So we made a plan with Thierry. Coming from rallye we were quite ambitious. But also eager to discover, we wanted to spend time in the western, hot drier climate, in the East and itīs rainforests, in the north peak and itīs sand trails, travel through the mountains in the centre. Thierry is a racer, his heart beats for endure riding, so he put all his networking for sewing the best-fit program for all 5.
Quite early in the planning it was clear we had to go for an autonomous trip. Where weīd go, no 4x4 would pass.
This meant travelling as light as it goes, all in a back pack.
Marc, Thierry and I managed to keep it to 5kg, Patrick and Antonio had 2kg more, opting for a bit more comfort.
+ each about 1kg spare parts and up to 3 liters of water in a camel bag.
My equipement list for 2 weeks was sparse: beyond the summer MX-gear (no jacket), I had: 1x MX-socks, 1x MX-gloves, 1xMX-shirt, one silk liner for the night, flippers, 2 t-shirts, 1 long-sleeve shirt, 1 "k-way"-style rain coat, 4 briefs, 1 convertible pant, 1 hat. 1 android tel./GPS. 1 compact water proof FT 25 cam. compact micro-fiber towel, minimalist hygiene kit, one bathing brief, one 3-liter camel bag.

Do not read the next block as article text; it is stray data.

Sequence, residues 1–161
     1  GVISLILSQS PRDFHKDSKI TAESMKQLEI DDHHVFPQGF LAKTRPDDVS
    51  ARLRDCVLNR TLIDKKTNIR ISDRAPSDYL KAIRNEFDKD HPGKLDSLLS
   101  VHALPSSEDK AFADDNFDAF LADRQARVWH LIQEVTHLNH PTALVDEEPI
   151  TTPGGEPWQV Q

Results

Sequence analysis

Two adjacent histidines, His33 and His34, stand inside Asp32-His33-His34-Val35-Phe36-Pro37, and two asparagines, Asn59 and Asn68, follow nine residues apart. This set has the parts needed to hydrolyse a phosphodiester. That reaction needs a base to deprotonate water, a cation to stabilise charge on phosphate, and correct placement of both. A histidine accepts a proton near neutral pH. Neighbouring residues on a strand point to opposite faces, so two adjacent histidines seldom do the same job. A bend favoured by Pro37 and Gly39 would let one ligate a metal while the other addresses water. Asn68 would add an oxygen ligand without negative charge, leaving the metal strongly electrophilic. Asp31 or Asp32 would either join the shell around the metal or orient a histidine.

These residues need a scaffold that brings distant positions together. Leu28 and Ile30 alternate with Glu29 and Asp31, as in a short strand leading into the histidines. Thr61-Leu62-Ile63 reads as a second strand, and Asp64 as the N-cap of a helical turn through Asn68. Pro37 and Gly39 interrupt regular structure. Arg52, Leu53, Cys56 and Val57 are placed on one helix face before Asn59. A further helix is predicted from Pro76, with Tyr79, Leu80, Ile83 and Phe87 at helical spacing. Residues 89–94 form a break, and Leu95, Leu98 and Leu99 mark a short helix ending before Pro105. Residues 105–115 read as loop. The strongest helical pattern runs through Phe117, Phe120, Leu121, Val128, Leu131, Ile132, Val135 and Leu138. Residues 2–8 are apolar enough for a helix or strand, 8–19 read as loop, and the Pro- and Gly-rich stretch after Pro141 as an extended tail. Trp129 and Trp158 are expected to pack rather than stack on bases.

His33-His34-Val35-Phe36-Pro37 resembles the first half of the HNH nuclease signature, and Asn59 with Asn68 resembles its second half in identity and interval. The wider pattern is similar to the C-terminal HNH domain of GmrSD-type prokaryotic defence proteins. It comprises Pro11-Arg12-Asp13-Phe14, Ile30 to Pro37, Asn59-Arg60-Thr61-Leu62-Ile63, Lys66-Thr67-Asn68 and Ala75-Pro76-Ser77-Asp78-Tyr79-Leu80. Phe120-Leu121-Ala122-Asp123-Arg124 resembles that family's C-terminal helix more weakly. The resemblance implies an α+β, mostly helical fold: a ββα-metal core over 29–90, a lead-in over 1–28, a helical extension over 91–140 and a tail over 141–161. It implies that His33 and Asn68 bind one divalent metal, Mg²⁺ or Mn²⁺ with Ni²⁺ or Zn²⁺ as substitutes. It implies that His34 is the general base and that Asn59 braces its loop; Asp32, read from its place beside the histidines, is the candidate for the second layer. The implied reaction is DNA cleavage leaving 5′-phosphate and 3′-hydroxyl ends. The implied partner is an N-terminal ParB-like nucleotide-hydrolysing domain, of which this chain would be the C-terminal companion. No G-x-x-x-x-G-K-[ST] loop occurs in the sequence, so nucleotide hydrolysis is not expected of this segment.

We did not want simply to go there, zip through the landscape, and give back only our smiles to thank the locals.
Back last year, with my wife, we spotted a bush orphanage in Ste-Marie Island. Michelle and her team also built a bush hospital and a school. http://www.zazakely.org/orphelinat.html
Closer to the start of our trip, I heard about an association who built a school and needed equipment for the pupils. We contacted them. Frederic and Veronique from the association told us what they need http://www.madilo.org/index.php/les-enfants-de-madilo